It is live, analog record or DSD for me; even on the go. Even if it means strapping the brick of the external DSD capable DAC to the phone.

    I break this rule only when having to use sealed bluetooth headphones to demonstrate my recordings in noisy environments - and when some music I like is not available on anything else but PCM.

    And for "enjoying" comparing issued CDs I recorded to the DSD master.
  7. Killcomic
    Well then, we are looking forward to your subjective test results demonstrating conclusively that you can pick a DSD file over a 256kbps AAC file. Then, and only then, will I put a poster of you in my bedroom and wish upon the first evening star that I could be just like you.
    *Wipes away a hopeful tear*
    Last edited: Dec 19, 2018
  8. bigshot
    It's absurd. All I want is one DAC that someone has good reason to believe sounds clearly different. That shouldn't be difficult. All this stuff about tests not being up to their standards and show me tests to show that the tests of the tests are being tested correctly stuff is pure and simple argumentativeness being used to prevent people from seeing the nakedness of the emperor. I think some people will never be satisfied. They will be self justifying their absurd biases until the day they die.

    Here is the last time I quote you before I mute your pointless, useless, semantic, repetitive, circular and rambling posts...


    I know someone who failed to identify lossy from lossless and claims that.
    Last edited: Dec 19, 2018
  9. analogsurviver
    Will you send a decent ABX box over here for testing ? Two EQUAL DACs capable of native DSD ?

    IIRC, using jRiver it should be possible to simoultaneously playDSD and from this DSD derived AAC file via two "zones" - each "zone" using each own own DAC ( has to be two equal native DSD capable type DACs in this case ) - with the output of those two DACs DBT ABXed over a decent ( < 0.2dB level matched ) ABX box.

    I only have an older jRiver version installed on my desktop - because it is so damn "predatory" (OK, it IS possible to set it up - EXACTLY how do you want it to handle various types of files during the initial installation ) and will usurp any device settings for other software also dealing with DSD, I did not want to see it on my laptop, etc.

    I do not have two exactly same DACs at my disposal - but could muster iFi Micro iDSD and iFi Micro iDSD Black Label ( same thing as seen by the computer ) to see if I can get jRiver to simoultaneously play both DSD and from this DSD derived AAC files.

    That "from DSD derived AAC" involves some kind of format conversion... and these ARE known to be considerably different from each other. And, they ARE constantly evolving - what held true a year ago does in no way mean it is correct at the time of writing .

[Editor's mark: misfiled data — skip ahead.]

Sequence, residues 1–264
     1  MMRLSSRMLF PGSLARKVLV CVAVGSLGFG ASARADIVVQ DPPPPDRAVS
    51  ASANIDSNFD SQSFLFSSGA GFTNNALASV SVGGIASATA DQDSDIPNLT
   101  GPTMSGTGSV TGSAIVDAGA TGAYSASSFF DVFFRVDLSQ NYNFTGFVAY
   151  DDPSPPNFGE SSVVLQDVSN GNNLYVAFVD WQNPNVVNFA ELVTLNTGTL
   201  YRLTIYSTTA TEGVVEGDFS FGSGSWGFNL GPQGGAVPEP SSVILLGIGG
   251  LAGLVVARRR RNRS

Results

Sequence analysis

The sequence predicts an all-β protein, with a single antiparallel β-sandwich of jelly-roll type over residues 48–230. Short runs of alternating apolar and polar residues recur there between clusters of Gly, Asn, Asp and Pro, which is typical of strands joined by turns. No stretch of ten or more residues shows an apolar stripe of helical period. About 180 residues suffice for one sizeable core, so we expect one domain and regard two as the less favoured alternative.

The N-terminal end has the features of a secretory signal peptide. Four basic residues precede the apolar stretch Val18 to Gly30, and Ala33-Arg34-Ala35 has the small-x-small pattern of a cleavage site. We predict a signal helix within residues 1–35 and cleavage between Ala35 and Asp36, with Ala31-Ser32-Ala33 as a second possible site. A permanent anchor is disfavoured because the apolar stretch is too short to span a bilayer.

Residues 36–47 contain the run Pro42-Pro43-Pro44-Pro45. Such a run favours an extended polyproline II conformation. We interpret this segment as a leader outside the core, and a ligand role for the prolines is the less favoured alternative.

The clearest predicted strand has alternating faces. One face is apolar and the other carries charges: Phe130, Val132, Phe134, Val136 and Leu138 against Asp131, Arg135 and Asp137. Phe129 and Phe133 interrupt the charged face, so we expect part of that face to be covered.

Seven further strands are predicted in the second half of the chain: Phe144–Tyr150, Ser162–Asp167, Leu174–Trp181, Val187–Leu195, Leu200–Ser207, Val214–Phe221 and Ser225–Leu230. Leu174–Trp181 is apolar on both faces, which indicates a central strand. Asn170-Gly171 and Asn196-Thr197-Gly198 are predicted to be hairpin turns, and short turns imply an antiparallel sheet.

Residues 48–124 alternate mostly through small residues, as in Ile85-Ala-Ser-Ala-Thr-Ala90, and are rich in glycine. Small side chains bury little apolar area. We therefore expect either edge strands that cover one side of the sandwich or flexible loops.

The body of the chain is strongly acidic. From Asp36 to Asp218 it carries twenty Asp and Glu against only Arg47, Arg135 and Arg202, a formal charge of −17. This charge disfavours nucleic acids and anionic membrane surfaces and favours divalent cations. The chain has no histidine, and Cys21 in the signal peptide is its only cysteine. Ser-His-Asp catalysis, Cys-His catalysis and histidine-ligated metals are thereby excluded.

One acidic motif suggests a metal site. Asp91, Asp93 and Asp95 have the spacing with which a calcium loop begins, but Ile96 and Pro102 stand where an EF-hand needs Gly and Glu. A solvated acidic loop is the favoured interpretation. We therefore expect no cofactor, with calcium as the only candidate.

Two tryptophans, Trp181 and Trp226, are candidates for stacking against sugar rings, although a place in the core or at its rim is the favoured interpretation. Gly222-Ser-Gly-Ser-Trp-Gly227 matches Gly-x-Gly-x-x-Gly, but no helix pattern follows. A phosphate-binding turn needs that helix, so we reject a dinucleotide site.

Particularly not so for F2K - which went from almost zero to almost hero regarding DSD over the years... - the more recent improvements are regarding the filtering options.

    DSD is, like it or not, more Windows than Mac thing ... - and I do not have any direct DSD to AAC conversion software. DSD to WAV, then WAV to AAC - yes, but direct - no. At least not yet - because I do not have any real use for AAC yet. Most people still require MP3s as proof of the recording being technically OK - and MP3 at 48kHz and 320kbps has been used by me so far for this purpose. I know AAC is better, but if no one requires it and I personally do not listen to lossy , I did not investigate further as much as I perhaps should have.
  10. Killcomic
    You don't need to convert DSD to AAC directly. That's even better actually. Because if you can't tell the difference of a dual encoded lossy file and the DSD iriginal, well, that's solid evidence right there. However, if you can tell the difference consistentlg, that's a pretty good indication that there may be something to higher resolution media.
    After that, it's just a matter of narrowing down where audible differences begin.
  11. analogsurviver
    For starters, I would like - LOVE is the more appropriate word - DSD to PCM conversion software would be better in the first place.

    The annoying phase differences between the two channels that some ( most ?) conversions from DSD to PCM produce are audible in the extreme ... - and there ARE combinations of software/hardware that would do that with PCM, too.
  12. Killcomic
    Goodness, who knew the burden of proof was so burdensome?
    Well then, so in light of a lack of evidence, claims if audible superiority must be duscarded till actual proof in obtained. Otherwise yuo are chasing ghosts. Do they exist?
    Maybe, but till proof is obtained, it's best to go on as if they don't.
  13. analogsurviver